van Gogh's letters - unabridged and annotated
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Letter from Theo van Gogh to Vincent van Gogh
Arles, 23 October 1888

Letter T 2
Paris, 23 October 1888

My dear Vincent,

I am glad that your letter arrived today, for within a very short time I should have gone off to Brussels, in which case you would have had to wait at least two more days. What a financier you are! What causes me so much grief is that, notwithstanding all that, you are always so miserably hard up, because you cannot refrain from doing all kinds of things for others. I should greatly like to see you more egotistic, at least until your budget balances better.

You will be pleased to learn that I sold the big picture of Gauguin's “Les Bretonnes,” which has been on exhibition at Diot's. I am sending him 500 francs, so for the moment he will be quite well off, but is he going to join you? De Haan is coming this week, and he will stay with me for some time, which is very pleasant for me, for he will probably become the central figure of a group of young people here after a while.

From your previous letter I get the impression that you believe that these fellows know all the answers to all the questions, in the manner of the Dutch, but if you have formed such an opinion it's my fault. When I told you that they known how to analyze a picture, taking as their starting point a feeling for the technique and so on, I did not mean to say that they separate the qualities; what I really meant to allude to was their singular clarity of mind, which prevents them from mixing things up. Isaäcson, particularly, gives me the impression of a true scholar. They have now received pictures and studies done in Holland - very good, only a bit dark. It is their intention to stay in Paris during the winter, and then to start for the country as soon as the weather permits them to travel out of town. I intend to return from Brussels on Friday or Saturday, and I hope to be able to write you a letter less hurriedly soon.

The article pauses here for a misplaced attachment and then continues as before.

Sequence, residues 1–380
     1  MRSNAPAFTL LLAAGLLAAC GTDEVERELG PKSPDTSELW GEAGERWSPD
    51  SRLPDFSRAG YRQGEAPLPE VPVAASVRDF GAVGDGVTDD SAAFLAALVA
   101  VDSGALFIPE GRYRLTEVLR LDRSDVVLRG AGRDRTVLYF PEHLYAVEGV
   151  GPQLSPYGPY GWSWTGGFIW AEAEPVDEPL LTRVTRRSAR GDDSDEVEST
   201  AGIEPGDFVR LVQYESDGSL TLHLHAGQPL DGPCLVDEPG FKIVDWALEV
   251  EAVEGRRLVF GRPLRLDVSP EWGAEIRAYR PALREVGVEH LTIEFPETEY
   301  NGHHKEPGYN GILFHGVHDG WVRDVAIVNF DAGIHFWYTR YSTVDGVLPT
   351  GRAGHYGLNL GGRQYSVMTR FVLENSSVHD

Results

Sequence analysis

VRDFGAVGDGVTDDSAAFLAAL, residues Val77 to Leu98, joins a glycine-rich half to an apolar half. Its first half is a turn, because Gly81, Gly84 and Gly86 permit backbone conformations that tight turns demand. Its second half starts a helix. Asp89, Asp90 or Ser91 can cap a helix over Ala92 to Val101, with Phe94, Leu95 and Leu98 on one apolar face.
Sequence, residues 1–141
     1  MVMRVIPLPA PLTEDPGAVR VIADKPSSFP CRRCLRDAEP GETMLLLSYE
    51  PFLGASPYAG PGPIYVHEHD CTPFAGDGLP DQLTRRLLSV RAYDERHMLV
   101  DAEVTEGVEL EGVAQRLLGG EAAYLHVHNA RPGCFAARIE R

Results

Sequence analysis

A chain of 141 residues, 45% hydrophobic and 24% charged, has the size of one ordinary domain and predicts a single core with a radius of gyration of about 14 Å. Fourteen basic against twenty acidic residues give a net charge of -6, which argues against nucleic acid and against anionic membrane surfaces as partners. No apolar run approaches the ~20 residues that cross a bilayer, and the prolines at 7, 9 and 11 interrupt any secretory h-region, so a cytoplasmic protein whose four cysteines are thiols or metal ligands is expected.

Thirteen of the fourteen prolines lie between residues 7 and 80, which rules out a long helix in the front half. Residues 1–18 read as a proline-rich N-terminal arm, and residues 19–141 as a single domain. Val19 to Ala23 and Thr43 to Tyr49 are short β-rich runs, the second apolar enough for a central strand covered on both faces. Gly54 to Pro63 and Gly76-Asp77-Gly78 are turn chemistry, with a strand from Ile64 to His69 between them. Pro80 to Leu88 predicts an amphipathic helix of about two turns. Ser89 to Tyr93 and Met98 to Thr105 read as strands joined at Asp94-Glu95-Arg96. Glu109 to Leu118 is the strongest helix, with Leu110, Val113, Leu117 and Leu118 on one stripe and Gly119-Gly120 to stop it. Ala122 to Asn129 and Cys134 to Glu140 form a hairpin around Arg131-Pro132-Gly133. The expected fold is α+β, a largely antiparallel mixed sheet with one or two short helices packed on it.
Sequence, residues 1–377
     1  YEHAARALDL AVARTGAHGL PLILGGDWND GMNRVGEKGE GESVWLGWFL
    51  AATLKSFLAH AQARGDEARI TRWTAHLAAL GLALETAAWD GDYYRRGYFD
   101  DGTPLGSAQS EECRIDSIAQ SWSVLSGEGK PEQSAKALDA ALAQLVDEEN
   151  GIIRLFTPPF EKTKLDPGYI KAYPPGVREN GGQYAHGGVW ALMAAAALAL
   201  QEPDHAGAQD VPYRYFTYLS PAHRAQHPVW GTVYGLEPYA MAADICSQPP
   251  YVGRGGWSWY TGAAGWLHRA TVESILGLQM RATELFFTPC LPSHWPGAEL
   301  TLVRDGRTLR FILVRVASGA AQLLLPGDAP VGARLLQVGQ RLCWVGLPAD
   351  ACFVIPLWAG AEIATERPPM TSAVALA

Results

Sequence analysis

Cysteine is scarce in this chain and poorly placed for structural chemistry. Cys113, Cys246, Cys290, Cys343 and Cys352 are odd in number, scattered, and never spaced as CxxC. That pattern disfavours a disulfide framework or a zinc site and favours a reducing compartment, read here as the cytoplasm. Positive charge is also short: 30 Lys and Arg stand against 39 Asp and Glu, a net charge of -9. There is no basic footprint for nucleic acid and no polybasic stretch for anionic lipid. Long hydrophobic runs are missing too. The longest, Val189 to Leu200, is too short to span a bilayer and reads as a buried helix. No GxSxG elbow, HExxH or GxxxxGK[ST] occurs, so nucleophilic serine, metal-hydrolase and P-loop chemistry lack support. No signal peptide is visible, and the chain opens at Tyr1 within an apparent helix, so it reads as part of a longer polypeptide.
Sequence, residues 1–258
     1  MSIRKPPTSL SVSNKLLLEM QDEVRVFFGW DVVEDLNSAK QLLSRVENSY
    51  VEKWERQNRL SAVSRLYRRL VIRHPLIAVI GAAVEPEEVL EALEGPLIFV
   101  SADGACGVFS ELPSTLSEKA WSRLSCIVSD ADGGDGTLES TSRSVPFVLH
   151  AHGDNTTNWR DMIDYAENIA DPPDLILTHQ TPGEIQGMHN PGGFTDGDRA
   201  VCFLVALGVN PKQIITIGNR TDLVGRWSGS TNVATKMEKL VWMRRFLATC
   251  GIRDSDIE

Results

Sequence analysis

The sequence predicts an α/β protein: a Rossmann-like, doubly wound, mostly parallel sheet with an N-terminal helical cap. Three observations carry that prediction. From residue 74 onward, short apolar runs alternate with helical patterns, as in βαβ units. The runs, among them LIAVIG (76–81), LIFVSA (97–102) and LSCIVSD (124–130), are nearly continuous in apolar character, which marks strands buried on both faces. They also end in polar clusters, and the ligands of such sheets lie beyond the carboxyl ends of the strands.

I hope your indisposition is not serious, and that you will not lose courage, even if Gauguin should not come.

Yours, Theo

1. See Vincent's letter 556.

At this time, Vincent was 35 year old
Theo van Gogh. Letter to Vincent van Gogh. Written 23 October 1888 in Arles. Translated by Mrs. Johanna van Gogh-Bonger, edited by Robert Harrison, number T2.

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